A Pakastani mother gives her child clean water in Charsarda District, an area severely affected by monsoon floods. The UN World Water Assessment Programme released its triennial report on global water issues. Credit: UNICEF/ZAK; UN.

The theme of this year’s United Nations World Water Day (March 22) is “Water and Food Security.” Every three years the UN World Water Assessment Program releases a report that provides an “authoritative picture of the state, use and management of the world’s freshwater resources.” The 4th edition of the United Nations World Water Development Report was released yesterday in conjunction with the first day of the 6th World Water Forum being held this week in Marseille, France.

The report is big — three volumes totaling over 2,000 pages: Vol. 1, Managing Water under Uncertainty and Risk; Vol. 2, Knowledge Base and Vol. 3, Facing the Challenges. The press release accompanying the report begins, “Surface and groundwater resources in Europe and North America often contain a mix of pollutants, such as nutrients, metals, pesticides, microbes, industrial chemicals and pharmaceutical products, all of which have adverse effects on freshwater ecosystems and human health, warns the United Nations.”

A powerful new tool could soon be added to the water purification arsenal. A professor at Wright State University, Sharmila Mukhopadhyay, is making coated carbon nanotube devices, and they appear to be able to meet the challenge to remove a variety of pollutants from freshwater.

Electron microscope image of nanocatalyst particles on carbon nanotubes. Credit: Mukhopadhyay; Wright State University

The device is comprised of CNTs grown on porous substrates and coated with active nanoparticles. It is like a fuzzy nanobrush with extremely high surface area and can be customized to the clean-up job. She says in an email, “Nanocatalysts can be attached to these surfaces for breaking up pollutants or facilitating other reactions.” For example, silver is an anti-bacterial agent, palladium catalyzes the decomposition of carbon-tetrachloride and titania is a sun-activated photocatalyst.

In regard to the material’s multifunctionality, Mukhopadhyay says in a university press release, “simultaneously you can combine multiple environmental cleanup applications into one single component. In an Innovation News Daily story online, she said, “These are very, very small samples able to clean quite a bit of water.” In her lab, researchers have made CNT purifiers 2 millimeters by 4 millimeters that can purify a few gallons at a time.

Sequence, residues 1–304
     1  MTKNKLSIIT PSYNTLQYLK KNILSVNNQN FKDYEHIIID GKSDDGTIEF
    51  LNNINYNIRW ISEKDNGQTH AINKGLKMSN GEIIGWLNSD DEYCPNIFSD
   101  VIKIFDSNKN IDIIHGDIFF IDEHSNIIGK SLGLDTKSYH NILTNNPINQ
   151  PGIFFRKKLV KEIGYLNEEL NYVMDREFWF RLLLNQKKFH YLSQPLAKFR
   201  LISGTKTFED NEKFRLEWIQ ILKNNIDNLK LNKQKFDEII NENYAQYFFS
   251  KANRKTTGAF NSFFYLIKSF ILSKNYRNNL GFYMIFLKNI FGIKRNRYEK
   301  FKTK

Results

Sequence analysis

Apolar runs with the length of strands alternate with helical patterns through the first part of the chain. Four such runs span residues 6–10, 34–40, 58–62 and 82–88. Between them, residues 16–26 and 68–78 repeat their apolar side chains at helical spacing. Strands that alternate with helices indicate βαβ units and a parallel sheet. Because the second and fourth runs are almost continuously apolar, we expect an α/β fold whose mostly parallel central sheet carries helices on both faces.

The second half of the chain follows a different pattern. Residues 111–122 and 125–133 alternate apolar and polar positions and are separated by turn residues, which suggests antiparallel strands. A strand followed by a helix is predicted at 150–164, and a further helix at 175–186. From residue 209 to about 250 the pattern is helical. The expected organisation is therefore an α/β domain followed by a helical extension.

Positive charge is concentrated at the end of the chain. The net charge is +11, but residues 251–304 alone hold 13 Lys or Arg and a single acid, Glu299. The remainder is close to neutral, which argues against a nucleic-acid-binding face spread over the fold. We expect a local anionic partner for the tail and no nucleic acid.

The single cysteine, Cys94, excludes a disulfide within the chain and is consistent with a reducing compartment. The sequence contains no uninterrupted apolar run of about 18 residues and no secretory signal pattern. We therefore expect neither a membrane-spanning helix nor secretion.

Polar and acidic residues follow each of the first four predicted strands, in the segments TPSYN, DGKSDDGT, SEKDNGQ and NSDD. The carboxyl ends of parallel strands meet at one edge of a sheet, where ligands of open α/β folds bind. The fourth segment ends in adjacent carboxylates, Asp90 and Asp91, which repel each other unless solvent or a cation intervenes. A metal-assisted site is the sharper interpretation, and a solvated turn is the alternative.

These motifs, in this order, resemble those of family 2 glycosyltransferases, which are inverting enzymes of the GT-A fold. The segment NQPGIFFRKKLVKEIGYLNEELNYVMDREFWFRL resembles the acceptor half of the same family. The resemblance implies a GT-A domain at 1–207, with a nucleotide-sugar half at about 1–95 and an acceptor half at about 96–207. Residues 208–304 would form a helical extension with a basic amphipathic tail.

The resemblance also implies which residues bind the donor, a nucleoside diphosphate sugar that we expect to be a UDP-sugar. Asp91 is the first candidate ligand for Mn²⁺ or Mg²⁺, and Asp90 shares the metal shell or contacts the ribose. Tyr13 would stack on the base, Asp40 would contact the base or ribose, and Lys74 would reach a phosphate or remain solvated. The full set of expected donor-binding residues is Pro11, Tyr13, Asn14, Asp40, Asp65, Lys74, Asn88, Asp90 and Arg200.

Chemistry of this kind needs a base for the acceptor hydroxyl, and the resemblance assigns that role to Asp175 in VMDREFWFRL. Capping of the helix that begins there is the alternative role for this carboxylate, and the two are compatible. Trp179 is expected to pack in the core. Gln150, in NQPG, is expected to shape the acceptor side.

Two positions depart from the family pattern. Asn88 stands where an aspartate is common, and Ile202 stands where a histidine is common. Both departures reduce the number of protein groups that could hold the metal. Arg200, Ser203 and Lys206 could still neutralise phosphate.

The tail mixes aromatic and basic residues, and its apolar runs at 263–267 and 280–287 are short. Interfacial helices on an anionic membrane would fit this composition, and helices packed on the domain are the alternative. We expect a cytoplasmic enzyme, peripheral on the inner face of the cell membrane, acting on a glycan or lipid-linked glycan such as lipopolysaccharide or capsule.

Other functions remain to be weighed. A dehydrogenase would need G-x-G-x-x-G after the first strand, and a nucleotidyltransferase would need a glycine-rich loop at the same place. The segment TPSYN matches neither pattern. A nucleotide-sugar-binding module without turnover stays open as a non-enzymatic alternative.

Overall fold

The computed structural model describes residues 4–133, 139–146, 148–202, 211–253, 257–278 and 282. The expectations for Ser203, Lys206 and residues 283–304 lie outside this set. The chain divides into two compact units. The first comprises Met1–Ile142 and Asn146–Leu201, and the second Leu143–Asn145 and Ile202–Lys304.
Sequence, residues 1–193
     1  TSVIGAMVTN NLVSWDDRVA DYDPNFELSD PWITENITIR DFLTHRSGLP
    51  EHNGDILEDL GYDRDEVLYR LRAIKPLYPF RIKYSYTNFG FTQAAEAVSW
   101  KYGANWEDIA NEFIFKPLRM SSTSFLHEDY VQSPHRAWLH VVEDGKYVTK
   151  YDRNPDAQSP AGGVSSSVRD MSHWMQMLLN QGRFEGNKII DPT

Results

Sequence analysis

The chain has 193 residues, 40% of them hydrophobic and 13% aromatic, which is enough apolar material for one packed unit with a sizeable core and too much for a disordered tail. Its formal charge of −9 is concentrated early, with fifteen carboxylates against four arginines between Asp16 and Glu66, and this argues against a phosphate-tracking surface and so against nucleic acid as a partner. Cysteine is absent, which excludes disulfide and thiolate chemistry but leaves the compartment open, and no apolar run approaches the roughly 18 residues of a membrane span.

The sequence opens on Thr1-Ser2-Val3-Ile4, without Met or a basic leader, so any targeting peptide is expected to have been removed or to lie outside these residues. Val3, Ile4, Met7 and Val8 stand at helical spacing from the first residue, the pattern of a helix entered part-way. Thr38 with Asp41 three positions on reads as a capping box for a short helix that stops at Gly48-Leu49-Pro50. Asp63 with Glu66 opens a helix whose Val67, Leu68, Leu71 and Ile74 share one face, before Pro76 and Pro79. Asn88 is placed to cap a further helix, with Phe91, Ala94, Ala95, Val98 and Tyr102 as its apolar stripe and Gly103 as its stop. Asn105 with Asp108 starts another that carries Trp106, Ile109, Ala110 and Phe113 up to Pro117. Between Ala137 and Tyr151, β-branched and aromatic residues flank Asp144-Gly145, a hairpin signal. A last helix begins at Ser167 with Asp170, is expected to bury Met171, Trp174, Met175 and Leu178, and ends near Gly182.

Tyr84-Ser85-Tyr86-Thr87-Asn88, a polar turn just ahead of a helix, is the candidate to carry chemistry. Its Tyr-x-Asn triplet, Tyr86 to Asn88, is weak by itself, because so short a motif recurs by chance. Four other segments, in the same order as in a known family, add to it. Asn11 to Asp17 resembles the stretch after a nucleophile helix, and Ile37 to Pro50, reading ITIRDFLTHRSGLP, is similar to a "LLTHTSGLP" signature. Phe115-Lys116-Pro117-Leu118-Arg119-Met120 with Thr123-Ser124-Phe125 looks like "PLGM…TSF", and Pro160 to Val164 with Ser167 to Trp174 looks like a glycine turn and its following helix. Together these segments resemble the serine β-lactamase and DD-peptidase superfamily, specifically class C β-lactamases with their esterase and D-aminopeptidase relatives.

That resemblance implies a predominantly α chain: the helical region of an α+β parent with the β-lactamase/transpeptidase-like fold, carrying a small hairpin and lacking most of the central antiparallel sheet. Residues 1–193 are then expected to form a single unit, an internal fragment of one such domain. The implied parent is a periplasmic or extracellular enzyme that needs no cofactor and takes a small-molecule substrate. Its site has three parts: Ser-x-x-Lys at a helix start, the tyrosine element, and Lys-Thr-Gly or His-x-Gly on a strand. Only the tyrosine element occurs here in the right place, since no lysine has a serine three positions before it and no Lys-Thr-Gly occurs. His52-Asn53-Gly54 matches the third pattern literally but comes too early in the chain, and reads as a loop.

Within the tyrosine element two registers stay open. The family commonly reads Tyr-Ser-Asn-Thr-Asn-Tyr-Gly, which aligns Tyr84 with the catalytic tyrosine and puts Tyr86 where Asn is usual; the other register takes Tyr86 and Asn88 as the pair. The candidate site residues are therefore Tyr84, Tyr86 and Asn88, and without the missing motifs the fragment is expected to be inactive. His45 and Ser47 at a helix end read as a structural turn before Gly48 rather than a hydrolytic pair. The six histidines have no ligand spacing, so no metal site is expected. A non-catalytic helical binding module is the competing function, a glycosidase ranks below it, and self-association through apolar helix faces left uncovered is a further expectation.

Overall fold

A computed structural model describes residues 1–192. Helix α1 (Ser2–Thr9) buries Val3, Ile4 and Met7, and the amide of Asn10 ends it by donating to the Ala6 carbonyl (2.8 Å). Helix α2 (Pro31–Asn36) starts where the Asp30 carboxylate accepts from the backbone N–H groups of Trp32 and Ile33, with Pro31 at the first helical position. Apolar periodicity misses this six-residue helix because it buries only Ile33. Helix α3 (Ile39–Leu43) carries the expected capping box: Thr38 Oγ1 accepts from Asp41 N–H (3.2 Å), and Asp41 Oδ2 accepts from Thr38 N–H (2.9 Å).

The “nanobrush” purifiers build on earlier work published in 2009, where her team demonstrated the ability to grow CNTs on porous substrates, mimicking the “hierarchical branching” common in biological systems with internal and external functional surfaces thanks to “coatings” of capillaries, hairs, alveoli, etc., Up to then, most CNTs were grown on flat, nonporous surfaces.

Growing the CNTs on porous platforms imparts benefit, too. Mukhopadhyay explained, “They provide the advantages of nano-structures without the environmental concerns, since the nanomaterials are strongly attached to larger robust substrates and do not escape into the environment.”

Mukhopadhyay and several industrial partners, including MetaMateria Technologies of Columbus, Ohio, recently won Ohio Third Frontier funding of just under $1 million for a project to commercialize the technology. The successful proposal was titled, “Water Purification using Nano-Enabled Solutions.”

Mukhopadhyay, a past president of ACerS’ Electronics Division, is director of Wright State’s Center for Nano-Scale Multifunctional Materials and professor of mechanical and materials engineering.